Here's our look at the Trump administration and the rest of Washington:
- Military probes possible friendly fire in deaths of two U.S. service members in Afghanistan
- Trump signs executive order that could open California coast to drilling
- House okays one-week stopgap measure to avert shutdown
- GOP shutting out doctors, Democrats in effort to resuscitate healthcare overhaul
- Sanctuary cities get legal boost from conservative Supreme Court rulings
- Two American troops killed in Afghanistan near site where U.S. dropped mega bomb
President Trump placed a "warm" phone call to Philippines President Rodrigo Duterte, who has been widely criticized for a bloody anti-drug crackdown, and invited him to visit the White House, both countries said.
A White House statement late Saturday said the conversation between the two leaders was “very friendly,” and added that the U.S.-Philippine alliance was “heading in a very positive direction.”
In the Philippines, a presidential spokesman said Trump had expressed understanding of challenges facing Duterte, “especially on the matter of dangerous drugs.”
Human rights groups have expressed deep concern over Duterte’s harsh methods against suspected drug users and drug dealers during his tenure in office. Human Rights Watch estimated earlier this year that at least 7,000 people, an average of 30 a day, had been killed by death squads since Duterte became president in what appeared a deliberate campaign of extrajudicial executions.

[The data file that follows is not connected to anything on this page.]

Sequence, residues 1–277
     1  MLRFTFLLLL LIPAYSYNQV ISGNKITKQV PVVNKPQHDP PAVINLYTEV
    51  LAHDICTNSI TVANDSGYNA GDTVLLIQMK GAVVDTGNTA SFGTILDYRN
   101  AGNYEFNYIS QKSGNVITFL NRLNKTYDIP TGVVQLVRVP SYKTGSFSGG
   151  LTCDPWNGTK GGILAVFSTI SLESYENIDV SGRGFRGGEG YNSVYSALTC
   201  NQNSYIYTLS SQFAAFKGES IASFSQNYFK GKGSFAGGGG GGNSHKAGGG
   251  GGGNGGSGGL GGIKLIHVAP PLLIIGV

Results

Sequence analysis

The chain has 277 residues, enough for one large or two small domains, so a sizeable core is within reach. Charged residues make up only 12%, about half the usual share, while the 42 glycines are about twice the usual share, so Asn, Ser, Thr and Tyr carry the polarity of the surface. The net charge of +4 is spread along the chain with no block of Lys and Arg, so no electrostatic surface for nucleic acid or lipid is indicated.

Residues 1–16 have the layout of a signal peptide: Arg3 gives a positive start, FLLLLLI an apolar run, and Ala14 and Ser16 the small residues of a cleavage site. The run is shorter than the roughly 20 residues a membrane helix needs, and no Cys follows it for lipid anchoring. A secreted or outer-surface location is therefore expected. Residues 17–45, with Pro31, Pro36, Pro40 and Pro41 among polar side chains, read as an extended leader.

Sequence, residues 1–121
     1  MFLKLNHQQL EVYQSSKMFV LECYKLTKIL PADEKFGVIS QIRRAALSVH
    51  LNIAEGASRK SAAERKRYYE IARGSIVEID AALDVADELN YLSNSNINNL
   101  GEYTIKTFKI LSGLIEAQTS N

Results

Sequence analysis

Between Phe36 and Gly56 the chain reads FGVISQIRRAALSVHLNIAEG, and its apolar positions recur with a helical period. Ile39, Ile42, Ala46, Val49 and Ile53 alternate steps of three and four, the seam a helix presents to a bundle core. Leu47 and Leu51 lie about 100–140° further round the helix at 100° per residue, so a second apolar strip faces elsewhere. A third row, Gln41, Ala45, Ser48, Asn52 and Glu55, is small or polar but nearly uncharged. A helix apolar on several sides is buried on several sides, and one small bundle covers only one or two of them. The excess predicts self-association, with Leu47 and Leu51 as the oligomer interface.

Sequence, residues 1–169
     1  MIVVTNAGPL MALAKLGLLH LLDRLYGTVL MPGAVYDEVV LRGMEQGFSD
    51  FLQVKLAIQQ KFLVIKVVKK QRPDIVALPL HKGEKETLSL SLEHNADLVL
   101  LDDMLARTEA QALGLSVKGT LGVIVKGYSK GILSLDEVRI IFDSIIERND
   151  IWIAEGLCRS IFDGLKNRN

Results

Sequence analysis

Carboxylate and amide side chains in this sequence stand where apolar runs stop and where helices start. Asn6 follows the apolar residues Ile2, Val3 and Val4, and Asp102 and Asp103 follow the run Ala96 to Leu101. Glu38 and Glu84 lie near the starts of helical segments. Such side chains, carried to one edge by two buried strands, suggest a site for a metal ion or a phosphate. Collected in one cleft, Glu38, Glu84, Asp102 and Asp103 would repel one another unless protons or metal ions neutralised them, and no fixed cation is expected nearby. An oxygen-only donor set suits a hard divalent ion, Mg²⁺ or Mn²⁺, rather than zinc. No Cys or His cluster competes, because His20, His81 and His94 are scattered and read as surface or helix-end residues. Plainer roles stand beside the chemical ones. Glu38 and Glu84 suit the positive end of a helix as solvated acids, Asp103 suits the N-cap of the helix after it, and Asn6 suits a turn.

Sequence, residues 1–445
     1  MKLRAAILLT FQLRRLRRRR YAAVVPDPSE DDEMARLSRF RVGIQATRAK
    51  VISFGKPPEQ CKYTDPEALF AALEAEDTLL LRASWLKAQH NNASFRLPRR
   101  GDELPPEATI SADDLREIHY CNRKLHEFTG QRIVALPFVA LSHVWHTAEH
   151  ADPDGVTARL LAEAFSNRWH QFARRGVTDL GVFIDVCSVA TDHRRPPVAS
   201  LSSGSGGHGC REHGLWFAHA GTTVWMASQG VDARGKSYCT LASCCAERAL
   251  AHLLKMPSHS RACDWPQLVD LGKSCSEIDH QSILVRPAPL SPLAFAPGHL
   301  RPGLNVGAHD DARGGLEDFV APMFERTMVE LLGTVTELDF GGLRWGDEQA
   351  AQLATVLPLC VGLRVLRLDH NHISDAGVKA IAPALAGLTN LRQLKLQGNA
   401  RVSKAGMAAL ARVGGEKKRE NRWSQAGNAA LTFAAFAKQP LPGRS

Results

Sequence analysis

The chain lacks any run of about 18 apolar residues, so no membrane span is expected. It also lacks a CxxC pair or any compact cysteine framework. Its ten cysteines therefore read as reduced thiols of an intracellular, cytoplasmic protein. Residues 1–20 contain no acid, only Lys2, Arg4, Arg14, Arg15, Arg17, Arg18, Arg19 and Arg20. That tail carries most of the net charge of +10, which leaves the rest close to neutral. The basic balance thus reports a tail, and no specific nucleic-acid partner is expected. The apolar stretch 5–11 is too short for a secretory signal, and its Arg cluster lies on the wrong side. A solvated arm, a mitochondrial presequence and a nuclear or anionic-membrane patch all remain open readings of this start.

Reince Priebus, the White House chief of staff, defended the invitation to Duterte, saying Sunday that the outreach was made largely in the context of calming regional tensions with North Korea and did not signal approval for Duterte’s methods in the drug war or a larger disdain for human rights.
“The purpose of this call is all about North Korea,” Priebus said on ABC’s “This Week.” He said that Trump has been “speaking a lot to all our partners in southeast Asia” amid rising tensions on the Korean peninsula.
Manila is about 1,800 miles from Pyongyang, and the Philippine navy is barely a coastal defense force, so it's unclear how it would fit into a regional strategy for northeast Asia. Pyongyang regularly issues threats to South Korea and Japan, not the Philippines.
Duterte had been notably bellicose in his stance toward Trump’s predecessor, Barak Obama, and at one point threatened to essentially scrap the longstanding U.S.-Philippines military alliance and end cooperation on counter-terrorism. Duterte called Obama a Philippine epithet loosely translated as “son of a whore" after Obama criticized the brutal anti-drug crackdown.
It was not the first time Trump's dealings with a foreign strongman have raised eyebrows.
Trump earlier in April hosted Egyptian President Abdel Fattah Sisi at the White House and praised him for doing a “fantastic job” despite Sisi’s jailing of thousands of political opponents after he took power in a military coup.
Also in April, Trump was alone among Western leaders in making a congratulatory phone call to Turkish President Recep Tayyip Erdogan after Erdogan claimed victory in a referendum that vastly enhanced presidential powers.
Critics called the Turkish referendum, whose results have been disputed by the leading opposition party, a blow to democracy.